Of all the dangers facing our country—terrorist attacks, bin Laden and al-Zarqawi, North Korean belligerence—the greatest danger of all is the one that still doesn’t make many headlines—our collective national amnesia. Our history textbooks are sanitized to be politically correct and give our children virtually no sense of the greatness of the nation they live in. The Founders are seldom mentioned unless it is part of a controversy about slavery or whether they sired illegitimate children.
In my talks at hundreds of high schools during the 2000 campaign, I was struck by how often decent American kids had nothing good to day about their own country. Their knowledge of the sacrifices made to establish and preserve their freedom was virtually non-existent. They are, literally, the recipients of the greatest freedom and opportunity that any society has ever produced; yet they are unaware of the price in flesh and blood that was paid for it.
This weekend marks Memorial Day, a national observance that first known as Decoration Day. It was meant to be a time to honor our Civil War dead through the simple task of decorating their graves. Over time, the holiday’s significance extended to all those who paid the highest price for their nation. But, unfortunately, in modern America, Memorial Day weekend has become more of an occasion for play than for reflection about patriot graves.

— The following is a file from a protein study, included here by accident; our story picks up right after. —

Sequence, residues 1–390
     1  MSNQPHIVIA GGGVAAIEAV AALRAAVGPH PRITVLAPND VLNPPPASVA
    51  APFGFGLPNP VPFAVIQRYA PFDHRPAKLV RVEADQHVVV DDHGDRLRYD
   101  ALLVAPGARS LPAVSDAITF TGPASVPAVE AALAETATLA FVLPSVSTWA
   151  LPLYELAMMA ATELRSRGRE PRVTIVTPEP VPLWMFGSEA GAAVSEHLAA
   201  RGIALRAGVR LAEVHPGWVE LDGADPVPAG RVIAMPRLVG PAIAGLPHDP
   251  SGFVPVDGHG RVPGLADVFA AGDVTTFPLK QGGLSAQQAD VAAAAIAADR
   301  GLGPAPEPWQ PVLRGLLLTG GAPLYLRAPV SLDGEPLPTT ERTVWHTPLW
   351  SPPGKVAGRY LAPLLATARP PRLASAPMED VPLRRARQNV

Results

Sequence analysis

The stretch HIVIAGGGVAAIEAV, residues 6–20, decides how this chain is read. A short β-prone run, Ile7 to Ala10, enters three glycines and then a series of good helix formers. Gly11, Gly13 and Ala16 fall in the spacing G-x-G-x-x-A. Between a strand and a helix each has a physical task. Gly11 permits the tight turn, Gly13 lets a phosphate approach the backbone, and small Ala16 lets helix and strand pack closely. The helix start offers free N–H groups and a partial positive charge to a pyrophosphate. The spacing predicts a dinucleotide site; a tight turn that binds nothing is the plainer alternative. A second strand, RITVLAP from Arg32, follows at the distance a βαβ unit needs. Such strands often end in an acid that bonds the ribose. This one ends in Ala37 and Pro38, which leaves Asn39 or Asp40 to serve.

I hope and pray that we can learn to do both—play and remember. Let’s go to the ballgame, have that picnic, hug our kids, sleep in on Monday morning, and catch some “rays” at the beach. But let’s also remind ourselves, and our children, about what happened at Concord Bridge; the fields of Antietam; at the beaches of Normandy. Let’s explain to them why there was a Berlin Wall, what happened at Okinawa and the price that was paid to stop Hitler. In short, let’s take at least a moment to teach them to love the things we love, and honor the things we honor. Finally, let’s remind ourselves as well as our children that all liberty is a gift from God and that each generation has paid in flesh and blood to preserve it.
For those of you who want a place to start, try reading to your kids and grandkids these words from Lincoln’s Gettysburg Address:
We have come to dedicate a portion of that field as a final resting-place for those who here gave their lives that that nation might live. It is altogether fitting and proper that we should do this. But in a larger sense, we cannot dedicate, we cannot consecrate, we cannot hallow this ground. The brave men, living and dead who struggled here have consecrated it far above our poor power to add or detract. The world will little note nor long remember what we say here, but it can never forget what they did here.
Gary Bauer is president of American Values.